Moreover, the court in Pillsbury found that the employees there had engaged in "self-help" discovery, described as "evidence gathering by employees for use in contemplated litigation against their soon-to-be former employers." Id. at 1287. Here, Defendant has not established that Plaintiff engaged in such "self-help" discovery. The mere fact that Plaintiff is in the possession of these e-mails does not automatically render them the product of "self-help" discovery. As set forth above, Defendant has not established that Plaintiff is in wrongful possession of these documents, and has not demonstrated that Plaintiff took the e-mails for use in this litigation. The Pillsbury case, therefore, is distinguishable from the facts of this case.*fn2

The Camp case, cited by Defendant, is also distinguishable. involved documents taken from a law firm by a former employee which consisted of "correspondence or memoranda between [a firm attorney] and the firm's clients or other attorneys." Camp, 35 Cal. App. 4th at 640. The California Court of Appeal upheld the trial court's ruling that the documents had to be returned to the law firm as they were protected by the attorney-client privilege. The e-mails at issue here are of a completely different character, and are not protected by the attorney-client privilege. Therefore, Camp does not apply to this situation.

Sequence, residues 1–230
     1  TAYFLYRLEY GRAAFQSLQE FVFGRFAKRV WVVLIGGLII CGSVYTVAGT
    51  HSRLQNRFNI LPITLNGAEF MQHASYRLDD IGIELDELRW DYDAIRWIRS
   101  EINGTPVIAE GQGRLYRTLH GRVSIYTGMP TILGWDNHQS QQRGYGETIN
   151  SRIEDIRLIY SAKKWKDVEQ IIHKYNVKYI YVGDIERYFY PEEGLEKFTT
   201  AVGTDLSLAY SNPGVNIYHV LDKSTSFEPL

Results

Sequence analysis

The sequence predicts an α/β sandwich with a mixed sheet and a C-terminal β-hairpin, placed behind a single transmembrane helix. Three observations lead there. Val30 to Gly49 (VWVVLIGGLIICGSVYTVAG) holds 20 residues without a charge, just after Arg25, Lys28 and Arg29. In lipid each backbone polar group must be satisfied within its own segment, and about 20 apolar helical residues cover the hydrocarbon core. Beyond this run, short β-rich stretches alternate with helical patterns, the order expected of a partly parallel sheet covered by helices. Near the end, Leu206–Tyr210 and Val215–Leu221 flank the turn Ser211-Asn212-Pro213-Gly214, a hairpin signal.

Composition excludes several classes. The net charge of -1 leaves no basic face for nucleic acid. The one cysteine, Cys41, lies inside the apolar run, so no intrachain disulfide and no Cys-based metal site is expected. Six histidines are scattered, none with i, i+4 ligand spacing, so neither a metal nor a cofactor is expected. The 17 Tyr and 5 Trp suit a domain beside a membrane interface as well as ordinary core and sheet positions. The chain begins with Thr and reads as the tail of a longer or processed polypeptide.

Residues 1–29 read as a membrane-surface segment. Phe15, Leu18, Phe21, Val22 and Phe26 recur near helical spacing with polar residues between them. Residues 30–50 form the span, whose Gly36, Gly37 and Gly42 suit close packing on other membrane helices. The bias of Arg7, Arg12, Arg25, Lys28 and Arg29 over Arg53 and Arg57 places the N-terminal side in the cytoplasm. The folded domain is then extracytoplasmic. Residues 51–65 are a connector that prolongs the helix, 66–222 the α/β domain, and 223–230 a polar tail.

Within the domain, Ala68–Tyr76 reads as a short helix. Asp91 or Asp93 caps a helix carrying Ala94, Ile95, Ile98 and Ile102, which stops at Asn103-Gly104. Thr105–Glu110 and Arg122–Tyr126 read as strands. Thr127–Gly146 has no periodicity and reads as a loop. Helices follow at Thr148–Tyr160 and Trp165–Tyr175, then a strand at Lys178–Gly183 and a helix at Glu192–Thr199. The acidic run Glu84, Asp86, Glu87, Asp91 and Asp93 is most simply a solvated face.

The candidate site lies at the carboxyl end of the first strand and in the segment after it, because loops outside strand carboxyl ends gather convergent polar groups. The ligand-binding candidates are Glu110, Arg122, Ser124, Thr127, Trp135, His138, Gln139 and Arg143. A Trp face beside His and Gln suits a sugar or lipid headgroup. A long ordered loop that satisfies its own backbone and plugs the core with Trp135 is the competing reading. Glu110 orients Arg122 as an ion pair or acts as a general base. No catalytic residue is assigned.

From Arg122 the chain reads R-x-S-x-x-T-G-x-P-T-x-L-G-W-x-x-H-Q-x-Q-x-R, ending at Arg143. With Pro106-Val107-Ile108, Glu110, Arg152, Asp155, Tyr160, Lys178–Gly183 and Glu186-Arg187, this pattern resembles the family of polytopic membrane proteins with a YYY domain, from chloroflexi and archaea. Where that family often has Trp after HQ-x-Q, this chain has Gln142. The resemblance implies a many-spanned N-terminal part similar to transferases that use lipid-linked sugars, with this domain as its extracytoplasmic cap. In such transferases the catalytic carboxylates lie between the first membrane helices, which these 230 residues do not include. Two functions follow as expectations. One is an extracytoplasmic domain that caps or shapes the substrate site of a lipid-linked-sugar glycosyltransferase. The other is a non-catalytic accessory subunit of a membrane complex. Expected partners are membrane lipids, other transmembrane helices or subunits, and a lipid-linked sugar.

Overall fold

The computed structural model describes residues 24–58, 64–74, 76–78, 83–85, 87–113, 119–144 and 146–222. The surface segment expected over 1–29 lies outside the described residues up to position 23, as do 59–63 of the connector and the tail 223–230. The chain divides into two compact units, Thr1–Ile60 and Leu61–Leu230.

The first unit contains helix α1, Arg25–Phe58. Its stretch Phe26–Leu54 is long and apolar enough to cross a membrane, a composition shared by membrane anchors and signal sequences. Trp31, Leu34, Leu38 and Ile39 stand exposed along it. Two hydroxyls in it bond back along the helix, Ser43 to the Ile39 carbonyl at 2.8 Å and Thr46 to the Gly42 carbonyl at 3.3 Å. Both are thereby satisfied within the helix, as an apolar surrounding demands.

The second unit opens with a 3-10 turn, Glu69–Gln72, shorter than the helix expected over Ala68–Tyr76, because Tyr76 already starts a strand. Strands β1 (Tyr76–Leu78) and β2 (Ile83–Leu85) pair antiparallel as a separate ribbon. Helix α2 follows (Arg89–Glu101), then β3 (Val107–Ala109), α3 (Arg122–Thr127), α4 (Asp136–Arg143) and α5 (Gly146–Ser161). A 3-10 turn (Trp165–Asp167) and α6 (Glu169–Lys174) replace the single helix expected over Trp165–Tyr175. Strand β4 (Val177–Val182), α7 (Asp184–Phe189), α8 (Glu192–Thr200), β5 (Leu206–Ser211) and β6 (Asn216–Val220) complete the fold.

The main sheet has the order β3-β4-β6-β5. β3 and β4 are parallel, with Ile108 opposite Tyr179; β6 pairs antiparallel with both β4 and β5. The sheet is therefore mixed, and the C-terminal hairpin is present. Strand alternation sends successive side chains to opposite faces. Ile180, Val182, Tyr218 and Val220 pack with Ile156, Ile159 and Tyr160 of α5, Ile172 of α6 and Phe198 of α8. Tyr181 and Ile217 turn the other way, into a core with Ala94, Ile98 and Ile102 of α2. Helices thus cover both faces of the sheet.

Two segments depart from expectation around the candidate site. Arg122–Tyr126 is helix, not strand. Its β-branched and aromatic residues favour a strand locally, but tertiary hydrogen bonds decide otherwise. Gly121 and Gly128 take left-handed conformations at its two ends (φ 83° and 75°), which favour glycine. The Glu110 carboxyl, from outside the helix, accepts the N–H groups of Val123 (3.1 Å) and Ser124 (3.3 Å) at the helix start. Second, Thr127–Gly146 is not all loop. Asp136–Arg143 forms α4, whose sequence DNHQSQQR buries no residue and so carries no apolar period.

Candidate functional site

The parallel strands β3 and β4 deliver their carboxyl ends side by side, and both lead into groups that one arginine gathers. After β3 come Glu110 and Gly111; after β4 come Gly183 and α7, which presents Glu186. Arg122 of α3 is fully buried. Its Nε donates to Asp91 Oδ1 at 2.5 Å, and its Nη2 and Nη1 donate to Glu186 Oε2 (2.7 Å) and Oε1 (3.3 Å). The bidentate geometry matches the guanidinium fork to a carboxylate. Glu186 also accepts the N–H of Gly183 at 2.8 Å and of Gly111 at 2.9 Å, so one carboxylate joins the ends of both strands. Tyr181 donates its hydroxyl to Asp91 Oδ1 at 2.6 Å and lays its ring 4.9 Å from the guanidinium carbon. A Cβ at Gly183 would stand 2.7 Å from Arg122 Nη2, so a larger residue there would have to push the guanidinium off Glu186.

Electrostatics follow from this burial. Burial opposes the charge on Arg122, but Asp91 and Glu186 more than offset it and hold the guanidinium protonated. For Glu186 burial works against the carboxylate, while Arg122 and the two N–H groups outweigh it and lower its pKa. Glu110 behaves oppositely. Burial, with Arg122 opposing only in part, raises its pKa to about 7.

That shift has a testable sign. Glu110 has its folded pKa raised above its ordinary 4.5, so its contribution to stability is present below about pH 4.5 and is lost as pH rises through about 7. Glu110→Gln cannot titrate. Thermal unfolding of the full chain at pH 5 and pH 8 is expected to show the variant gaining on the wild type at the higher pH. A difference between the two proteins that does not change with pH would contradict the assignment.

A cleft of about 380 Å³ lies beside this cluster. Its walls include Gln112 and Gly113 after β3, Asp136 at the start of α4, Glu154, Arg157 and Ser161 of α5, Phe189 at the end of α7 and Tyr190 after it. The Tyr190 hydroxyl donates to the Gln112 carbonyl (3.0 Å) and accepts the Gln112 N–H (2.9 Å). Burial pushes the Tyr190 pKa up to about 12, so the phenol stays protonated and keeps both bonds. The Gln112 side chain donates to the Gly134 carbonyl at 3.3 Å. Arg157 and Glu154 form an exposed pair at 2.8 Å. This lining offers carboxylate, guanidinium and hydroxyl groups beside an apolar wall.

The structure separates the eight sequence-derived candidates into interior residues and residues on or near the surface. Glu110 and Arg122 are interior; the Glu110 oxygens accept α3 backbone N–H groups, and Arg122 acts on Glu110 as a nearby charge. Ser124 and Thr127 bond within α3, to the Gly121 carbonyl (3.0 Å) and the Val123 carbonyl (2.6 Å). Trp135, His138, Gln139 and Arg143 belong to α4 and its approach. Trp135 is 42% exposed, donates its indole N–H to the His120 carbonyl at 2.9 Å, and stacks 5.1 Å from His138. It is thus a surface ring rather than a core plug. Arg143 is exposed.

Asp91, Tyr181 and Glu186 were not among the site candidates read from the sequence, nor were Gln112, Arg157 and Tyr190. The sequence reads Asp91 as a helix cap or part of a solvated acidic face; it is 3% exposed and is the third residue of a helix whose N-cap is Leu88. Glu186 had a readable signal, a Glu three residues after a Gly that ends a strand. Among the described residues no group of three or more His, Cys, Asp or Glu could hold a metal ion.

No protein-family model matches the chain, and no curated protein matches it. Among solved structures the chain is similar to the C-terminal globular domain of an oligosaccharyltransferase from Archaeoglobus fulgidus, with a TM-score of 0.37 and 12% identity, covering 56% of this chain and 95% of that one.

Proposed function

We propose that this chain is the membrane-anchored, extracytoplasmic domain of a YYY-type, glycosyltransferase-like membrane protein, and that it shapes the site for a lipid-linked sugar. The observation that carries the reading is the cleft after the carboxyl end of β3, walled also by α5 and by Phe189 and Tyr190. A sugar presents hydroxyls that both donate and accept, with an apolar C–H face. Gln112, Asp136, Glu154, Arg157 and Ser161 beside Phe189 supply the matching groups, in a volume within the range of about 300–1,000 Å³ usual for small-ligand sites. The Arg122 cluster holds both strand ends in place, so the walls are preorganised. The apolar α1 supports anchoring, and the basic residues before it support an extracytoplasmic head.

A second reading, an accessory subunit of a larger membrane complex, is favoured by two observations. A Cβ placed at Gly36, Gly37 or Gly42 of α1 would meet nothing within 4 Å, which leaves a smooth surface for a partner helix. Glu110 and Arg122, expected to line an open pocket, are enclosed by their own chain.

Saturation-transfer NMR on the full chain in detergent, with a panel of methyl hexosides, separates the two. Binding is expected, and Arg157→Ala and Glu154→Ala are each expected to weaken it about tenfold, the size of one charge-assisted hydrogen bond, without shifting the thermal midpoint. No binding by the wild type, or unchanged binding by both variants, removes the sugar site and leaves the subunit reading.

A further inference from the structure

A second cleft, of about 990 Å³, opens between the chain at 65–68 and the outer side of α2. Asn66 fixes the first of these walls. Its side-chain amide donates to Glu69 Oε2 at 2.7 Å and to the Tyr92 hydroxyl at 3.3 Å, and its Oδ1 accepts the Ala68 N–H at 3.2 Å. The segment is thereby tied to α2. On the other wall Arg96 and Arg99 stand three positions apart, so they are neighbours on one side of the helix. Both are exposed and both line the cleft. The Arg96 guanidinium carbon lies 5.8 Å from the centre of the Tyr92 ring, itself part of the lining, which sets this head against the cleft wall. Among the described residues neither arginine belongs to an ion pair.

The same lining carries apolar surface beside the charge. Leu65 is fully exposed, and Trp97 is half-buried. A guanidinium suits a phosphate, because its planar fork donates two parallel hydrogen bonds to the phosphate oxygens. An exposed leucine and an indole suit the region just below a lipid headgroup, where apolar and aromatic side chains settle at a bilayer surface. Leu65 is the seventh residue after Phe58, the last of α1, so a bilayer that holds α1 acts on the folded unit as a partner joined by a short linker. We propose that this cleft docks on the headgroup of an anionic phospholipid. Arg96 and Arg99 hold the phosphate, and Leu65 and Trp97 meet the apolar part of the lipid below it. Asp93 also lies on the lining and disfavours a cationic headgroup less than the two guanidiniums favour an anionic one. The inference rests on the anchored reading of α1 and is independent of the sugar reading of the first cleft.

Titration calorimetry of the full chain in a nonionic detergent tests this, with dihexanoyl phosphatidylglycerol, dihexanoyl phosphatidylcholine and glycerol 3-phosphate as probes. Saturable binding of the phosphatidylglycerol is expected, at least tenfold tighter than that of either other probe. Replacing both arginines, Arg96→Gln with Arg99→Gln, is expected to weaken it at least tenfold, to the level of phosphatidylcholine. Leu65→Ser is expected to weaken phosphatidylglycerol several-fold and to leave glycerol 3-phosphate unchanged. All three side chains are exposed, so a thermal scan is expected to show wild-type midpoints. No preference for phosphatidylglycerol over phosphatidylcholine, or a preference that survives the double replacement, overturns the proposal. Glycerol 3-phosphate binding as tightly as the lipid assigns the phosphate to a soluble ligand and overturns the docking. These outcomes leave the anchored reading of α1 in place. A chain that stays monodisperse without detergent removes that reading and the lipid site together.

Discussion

3. Protective Order

While the Court does not believe the entry of a protective order is mandatory with respect to the e-mails that Plaintiff is permitted to keep pursuant to this Order, the parties may enter into a protective order governing the use and dissemination of confidential documents in this case.

Conclusion

For the foregoing reasons, IT IS HEREBY ORDERED that Defendant's request for return of documents from Plaintiff is GRANTED IN PART and DENIED IN PART as follows:

1. Plaintiff shall return the time records in her possession (Document Nos. 6-15) as well as any e-mail in her possession which contains references to Defendant's client's names and services performed or to be performed by Plaintiff for Defendant's clients (including Document No. 16). These documents shall be mailed to Defendant's counsel by no later than December 21, 2007. Plaintiff shall return these documents to Defendant's counsel even in the event that Plaintiff's motion for stay [Doc. No. 61] is granted by Judge Hayes in the interim.

2. Plaintiff is not required to return to Defendant any e-mails which pertain to her individual status as an employee of the firm, including her request for a transfer to the Dallas office or her reassignment to the San Diego office.

IT IS SO ORDERED.